3. Concrete or clay tile

Commercial roofs aren't limited to the standard industrial materials. Whether you need traditional profiles such as flat, small-roll, or high-profile Spanish "S" or Barrel tile, we have them. Concrete and clay tiles come in a wide variety of colors and shapes, so everything from an authentic Spanish Mission style to a more contemporary high-gloss glaze is available.

4. Single-ply membrane

Single-ply roof options vary from thermoplastic polyolefin (TPO) to polyvinyl chloride (PVC) to ketone ethylene ester (KEE) polymer-based sheets. These materials are beneficial because they're resistant to multiple adverse conditions such as chemicals, UV light, and bacterial growth. They're also heat-reflective, lightweight, fire-resistant, and tolerant of high wind and heat.

TPO in particular has become the most common single-ply membrane option in the Southeastern United States because of its high weldability and properties that help it fit into a multitude of commercial building applicants. It's also often considered the best flat roof material for commercial flat roofing. It can be properly applied quickly, which reduces labor cost, meaning it's often a less expensive option upfront. It's popularity, however, means that many manufacturers have rushed into the market to create their own versions, so it's essential to source from a reputable manufacturer such as GAF, Firestone, Carlisle, Versico, Johns Manville, and FiberTite.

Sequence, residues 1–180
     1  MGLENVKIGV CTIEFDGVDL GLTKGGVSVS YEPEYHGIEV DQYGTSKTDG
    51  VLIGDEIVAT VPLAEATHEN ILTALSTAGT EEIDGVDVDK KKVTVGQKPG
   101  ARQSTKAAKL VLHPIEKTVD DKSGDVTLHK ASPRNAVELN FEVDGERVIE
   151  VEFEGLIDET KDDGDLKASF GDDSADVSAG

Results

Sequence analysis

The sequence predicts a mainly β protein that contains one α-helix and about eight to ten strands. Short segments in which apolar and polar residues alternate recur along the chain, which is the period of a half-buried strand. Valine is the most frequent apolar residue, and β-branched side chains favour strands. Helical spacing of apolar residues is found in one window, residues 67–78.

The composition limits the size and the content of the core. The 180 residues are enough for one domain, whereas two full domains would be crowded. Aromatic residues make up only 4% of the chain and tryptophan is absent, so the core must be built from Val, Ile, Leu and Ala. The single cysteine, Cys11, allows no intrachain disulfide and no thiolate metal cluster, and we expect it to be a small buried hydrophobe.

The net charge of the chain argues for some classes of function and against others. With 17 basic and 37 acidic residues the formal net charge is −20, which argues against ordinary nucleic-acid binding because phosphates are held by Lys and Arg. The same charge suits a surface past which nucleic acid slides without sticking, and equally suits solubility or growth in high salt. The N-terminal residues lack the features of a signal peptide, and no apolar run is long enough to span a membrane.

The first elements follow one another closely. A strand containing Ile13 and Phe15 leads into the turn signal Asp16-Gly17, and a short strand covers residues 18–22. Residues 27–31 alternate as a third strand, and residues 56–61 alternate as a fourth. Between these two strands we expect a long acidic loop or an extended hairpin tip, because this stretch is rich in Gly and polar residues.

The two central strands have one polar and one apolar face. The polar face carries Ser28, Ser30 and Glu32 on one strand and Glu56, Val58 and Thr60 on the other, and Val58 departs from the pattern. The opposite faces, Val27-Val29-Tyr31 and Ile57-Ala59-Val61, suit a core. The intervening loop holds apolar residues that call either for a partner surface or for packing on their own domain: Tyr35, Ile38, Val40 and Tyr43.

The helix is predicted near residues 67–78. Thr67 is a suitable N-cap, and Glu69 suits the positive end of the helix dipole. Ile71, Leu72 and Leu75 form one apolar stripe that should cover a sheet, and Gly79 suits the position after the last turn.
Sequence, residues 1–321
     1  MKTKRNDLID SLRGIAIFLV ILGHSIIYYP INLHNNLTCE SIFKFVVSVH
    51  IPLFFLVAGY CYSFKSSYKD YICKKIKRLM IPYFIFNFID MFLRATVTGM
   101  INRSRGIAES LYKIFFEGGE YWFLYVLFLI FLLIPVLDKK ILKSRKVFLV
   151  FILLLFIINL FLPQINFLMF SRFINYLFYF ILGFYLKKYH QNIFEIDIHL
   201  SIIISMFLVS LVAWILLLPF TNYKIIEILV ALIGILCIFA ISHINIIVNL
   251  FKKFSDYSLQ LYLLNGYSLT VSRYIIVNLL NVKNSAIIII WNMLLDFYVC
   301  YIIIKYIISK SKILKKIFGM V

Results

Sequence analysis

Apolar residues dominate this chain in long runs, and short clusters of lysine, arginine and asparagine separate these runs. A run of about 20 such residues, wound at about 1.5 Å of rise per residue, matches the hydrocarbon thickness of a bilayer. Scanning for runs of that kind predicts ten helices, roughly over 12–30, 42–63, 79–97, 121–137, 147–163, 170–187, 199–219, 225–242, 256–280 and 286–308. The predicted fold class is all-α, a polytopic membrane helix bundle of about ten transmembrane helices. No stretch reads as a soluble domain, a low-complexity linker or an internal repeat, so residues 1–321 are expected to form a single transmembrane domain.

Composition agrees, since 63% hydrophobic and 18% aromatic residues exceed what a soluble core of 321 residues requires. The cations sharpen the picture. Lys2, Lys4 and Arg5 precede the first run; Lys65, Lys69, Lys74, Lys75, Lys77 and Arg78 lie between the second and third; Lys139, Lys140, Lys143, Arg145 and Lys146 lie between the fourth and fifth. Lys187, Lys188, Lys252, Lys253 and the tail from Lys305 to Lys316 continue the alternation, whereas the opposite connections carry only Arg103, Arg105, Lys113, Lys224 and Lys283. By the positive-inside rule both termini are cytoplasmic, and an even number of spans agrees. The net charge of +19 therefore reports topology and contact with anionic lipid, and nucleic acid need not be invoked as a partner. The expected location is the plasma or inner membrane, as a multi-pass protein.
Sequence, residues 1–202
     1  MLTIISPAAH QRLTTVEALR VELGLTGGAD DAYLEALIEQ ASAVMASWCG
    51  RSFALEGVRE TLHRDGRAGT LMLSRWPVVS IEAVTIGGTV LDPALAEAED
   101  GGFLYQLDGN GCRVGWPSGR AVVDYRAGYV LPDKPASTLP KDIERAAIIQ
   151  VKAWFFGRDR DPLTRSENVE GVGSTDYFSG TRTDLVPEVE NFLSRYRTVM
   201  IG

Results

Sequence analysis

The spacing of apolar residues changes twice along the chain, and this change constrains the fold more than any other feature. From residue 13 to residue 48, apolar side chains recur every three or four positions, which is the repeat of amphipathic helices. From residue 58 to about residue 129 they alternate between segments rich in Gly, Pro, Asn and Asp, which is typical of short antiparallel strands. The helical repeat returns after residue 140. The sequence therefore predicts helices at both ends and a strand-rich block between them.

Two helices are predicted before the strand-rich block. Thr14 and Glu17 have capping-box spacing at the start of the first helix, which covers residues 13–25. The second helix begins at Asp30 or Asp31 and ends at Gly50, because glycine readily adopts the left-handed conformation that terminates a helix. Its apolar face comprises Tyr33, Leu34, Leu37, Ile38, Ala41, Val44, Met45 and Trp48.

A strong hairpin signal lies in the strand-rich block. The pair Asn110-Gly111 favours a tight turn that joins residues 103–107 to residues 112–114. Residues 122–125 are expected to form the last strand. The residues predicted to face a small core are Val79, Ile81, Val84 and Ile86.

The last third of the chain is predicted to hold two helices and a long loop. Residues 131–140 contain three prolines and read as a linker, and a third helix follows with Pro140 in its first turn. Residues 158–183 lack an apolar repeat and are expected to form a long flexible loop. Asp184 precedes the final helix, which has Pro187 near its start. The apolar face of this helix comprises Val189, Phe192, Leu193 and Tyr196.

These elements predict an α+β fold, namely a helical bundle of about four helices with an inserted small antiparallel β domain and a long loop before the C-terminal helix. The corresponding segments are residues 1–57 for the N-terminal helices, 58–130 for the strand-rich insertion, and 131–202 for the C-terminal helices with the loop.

5. Conventional built-up roofing systems

Conventional built-up roofing systems offer time-tested performance. These are traditional hot asphalt-applied using multiple layers of fiberglass roofing felts, hence the "built-up" part of the name that reflects the system's high tensile strength. Then, they're surfaced with a mineral-faced cap sheet or gravel.

With this roofing system, the primary materials are highly cost-effective, but the labor is more intensive with applying the multiple layers of felts. The result, though, is a strong roof with superior weather resistance and redundant layers of protection. That redundancy reduces the likelihood of the roof being penetrated by an errant screw or storm debris, which prevents leaks and offers long-term stability and easier maintenance.

6. SBS-modified bitumen

Styrene-butadiene-styrene, or SBS, refers to the polymers that modify the bitumen (aka asphalt) in this roofing system. These systems offer the redundancy of multiple plies of roofing with the high elasticity of SBS-modified asphalt. It's popular for industrial buildings with asphalt-based roofs with low slopes, and the redundant strength means it's a winner in the harsh Florida climate for that reason.

Have more questions?

Give us a call at 1-800-NEW-ROOF, and we can see if one of these systems is the right fit for your commercial roofing project in Florida.